In this post I want to share how to estimate gas turbine fuel rates. We use heat rates to estimate gas turbine fuel rates.

Heat rate is a measure of thermal efficiency or the amount of energy (in the form of fuel) which must be input to the gas turbine to produce the output power. Heat rate is usually expressed in terms of Btu/(hp.hr) or Btu/(kW.hr) based on the lower heating value of the fuel. Heat rate and thermal efficiency are related as follows:

Gas turbine heat rates vary considerably. They are function of gas turbine rating and type of turbines, which are simple cycle, jet turbine simple cycle, or regenerative.

We can use graph below for initial estimation of gas turbine heat rates.

Based on graph above, we can see that the higher gas turbine rating, the lower heat rate will be. For the same gas turbine ratings, simple cycle types provide the highest heat rates, on the other hand, regenerative gas turbine require the lowest heat rates.

Power and heat rate both vary depending on environmental conditions such as ambient air temperature, altitude, barometric pressure, and humidity. Therefore, when performance is stated for a gas turbine, the ambient conditions must be stated. To compare different gas turbines, a set of standard conditions known as ISO (International Standards Organization) conditions have been defined as follows:

ISO Conditions:

- Ambient temperature = 59
^{o}F = 15^{o}C - Altitude = 0 ft (sea level)
- Ambient pressure = 29.92 in. Hg (14.7 psi)
- Relative humidity = 0%

**All gas turbine performance is stated in ISO conditions. **To arrive at site rated horsepowers, the ISO conditions must be corrected for the following:

- Altitude
- Inlet losses : pressure drop which occurs as the outside air passes through the inlet filters and plenum
- Exhaust losses : pressure drop through the exhaust stack, silencers, and heat recovery equipment (if any) which creates a back pressure on the turbine
- Temperature
- Humidity

For humidity, a good rule of thumb is to increase the heat rate by the wt% moisture in the inlet air.

For example, if the inlet air contains 1% moisture, the heat rate correction factor is (1+1% = 1.01). If the inlet air contains 2% moisture, the heat rate correction factor is (1+2% = 1.02), etc. No power correction is normally required.

Performance is also affected by other installation variables including power take-offs and type of fuel used. Power take-offs include any devices such as oil pumps, generators, etc which are directly driven from the gas turbine output shaft and thus reduce the available output power. Sometimes it is necessary to correct power and heat rate for the type of fuel used in the gas turbine. Regarding this topic, we should consult turbine manufacturers.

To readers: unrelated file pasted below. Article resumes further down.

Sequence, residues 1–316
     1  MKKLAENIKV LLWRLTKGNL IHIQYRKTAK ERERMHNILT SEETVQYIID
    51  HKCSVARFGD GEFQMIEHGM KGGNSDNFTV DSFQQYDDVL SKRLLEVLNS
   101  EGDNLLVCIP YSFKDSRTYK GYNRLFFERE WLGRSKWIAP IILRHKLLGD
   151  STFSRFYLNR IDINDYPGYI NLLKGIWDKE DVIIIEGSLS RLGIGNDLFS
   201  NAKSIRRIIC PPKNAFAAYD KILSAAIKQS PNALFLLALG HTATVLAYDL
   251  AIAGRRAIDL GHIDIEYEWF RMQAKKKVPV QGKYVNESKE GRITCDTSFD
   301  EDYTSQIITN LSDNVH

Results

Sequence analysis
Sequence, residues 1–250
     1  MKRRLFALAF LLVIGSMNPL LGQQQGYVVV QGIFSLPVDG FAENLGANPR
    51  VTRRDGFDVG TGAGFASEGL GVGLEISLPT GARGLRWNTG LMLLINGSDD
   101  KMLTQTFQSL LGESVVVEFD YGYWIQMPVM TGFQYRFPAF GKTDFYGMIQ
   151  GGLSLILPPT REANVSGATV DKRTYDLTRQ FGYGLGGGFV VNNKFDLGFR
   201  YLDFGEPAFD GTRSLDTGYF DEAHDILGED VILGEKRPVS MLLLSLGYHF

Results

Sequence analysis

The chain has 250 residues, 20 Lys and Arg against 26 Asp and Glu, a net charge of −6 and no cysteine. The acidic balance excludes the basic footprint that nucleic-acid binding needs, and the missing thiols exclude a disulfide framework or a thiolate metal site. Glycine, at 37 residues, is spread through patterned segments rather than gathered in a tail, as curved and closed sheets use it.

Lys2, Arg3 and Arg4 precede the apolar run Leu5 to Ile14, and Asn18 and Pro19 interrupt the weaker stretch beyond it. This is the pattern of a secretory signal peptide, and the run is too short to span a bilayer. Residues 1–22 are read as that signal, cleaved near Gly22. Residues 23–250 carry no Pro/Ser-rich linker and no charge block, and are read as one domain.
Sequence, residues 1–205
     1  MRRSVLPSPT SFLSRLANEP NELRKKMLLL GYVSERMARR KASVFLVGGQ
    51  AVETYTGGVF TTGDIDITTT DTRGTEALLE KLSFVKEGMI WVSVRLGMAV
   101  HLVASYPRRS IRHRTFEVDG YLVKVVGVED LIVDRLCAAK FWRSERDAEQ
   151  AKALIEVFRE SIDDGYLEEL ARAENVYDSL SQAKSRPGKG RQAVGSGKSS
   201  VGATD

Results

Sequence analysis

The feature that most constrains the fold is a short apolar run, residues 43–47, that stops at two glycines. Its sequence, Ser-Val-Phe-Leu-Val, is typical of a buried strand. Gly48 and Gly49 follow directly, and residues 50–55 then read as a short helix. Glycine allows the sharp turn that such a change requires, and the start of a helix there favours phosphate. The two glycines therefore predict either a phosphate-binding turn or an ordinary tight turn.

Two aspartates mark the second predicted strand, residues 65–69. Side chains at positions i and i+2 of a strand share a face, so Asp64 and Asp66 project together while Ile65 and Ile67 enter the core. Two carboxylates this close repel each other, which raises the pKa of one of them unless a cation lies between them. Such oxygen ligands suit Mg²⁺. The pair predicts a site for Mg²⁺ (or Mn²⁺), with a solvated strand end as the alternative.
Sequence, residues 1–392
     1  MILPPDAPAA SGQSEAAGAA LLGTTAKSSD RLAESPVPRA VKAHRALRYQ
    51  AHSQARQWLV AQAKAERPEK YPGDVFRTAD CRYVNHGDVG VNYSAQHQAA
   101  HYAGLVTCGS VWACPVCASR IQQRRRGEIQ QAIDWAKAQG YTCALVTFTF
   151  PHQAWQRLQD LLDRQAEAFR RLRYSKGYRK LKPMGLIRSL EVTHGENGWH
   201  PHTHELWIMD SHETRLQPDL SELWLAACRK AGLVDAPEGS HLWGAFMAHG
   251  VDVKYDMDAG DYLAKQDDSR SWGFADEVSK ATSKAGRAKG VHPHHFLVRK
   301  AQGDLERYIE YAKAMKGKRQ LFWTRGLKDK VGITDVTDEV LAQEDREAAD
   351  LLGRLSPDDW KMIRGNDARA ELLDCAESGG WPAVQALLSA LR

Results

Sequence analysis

The following example shows the method of calculating performance for a gas turbine at site conditions using data typically supplied in the manufacturer’s performance brochure.

**Example**

A gas turbine has the following specification:

Turbine ISO horsepower = 27,500

Turbine ISO heat rate = 7,090 Btu/(hp-hr)

Ambient temperature = 80^{o}F

Altitude = 1000 ft (above sea level)

Inlet pressure drop = 4 in H_{2}O

Exhaust pressure drop = 2 in H_{2}O

Relative humidity = 0%

Fuel = natural gas

**What is maximum available site power and heat rates?**

**Solution**

We need to find correction factors for power and heat rate.

**Correction factors for power**

As mentioned above, correction factors include correction factor for altitude, exhaust loss, inlet loss, ambient temperature, relative humidity, and type of fuel. Let’s check the correction factor values for power. From graphs we find:

- Power altitude correction factor (for 1000 ft altitude) = 0.965
- Power exhaust loss correction factor (for 2 in H
_{2}O) = 0.9965 - Power inlet loss correction factor (for 4 in H
_{2}O) = 0.984 - Power ambient temperature correction factor (for 80
^{o}F) = 0.915 - Power relative humidity correction factor (for 0% relative humidity) = no correction factor required
- Power type of fuel correction factor (for natural gas) = no correction factor required

We get maximum available site power by multiplying maximum-no-loss power by each correction factors.

Power (site) = power (0.965) (0.9965) (0.984) (0.915)

Power (site) = 27,500 (0.965) (0.9965) (0.984) (0.915)

Power (site) = 23,800 hp

We do the same for heat rates.

- Heat rate altitude correction factor (for 1000 ft altitude) = no correction factor because heat rate is not affected by altitude
- Heat rate exhaust loss correction factor (for 2 in H
_{2}O) = 1.003 - Heat rate inlet loss correction factor (for 4 in H
_{2}O) = 1.0065 - Heat rate ambient temperature correction factor (for 80
^{o}F) = 1.03 - Heat rate humidity correction factor (for 0% relative humidity) = no correction factor required
- Heat rate type of fuel correction factor (for natural gas) = no correction factor required

We get site heat rate by multiplying no-loss heat rate by the correction factors.

Heat rate (site) = heat rate (1.003) (1.0065) (1.03)

Heat rate (site) = 7090 (1.003) (1.0065) (1.03)

Heat rate (site) = 7370 Btu/(hp-hr)

The above calculation procedure may slightly different with manufacturers, but will follow the same principle.

I hope you find this post useful 😊

References:

- Branan, Carl, “Rules of Thumb for Chemical Engineers”, Gulf Professional Publishing, 2005
- GPSA Engineering Data Book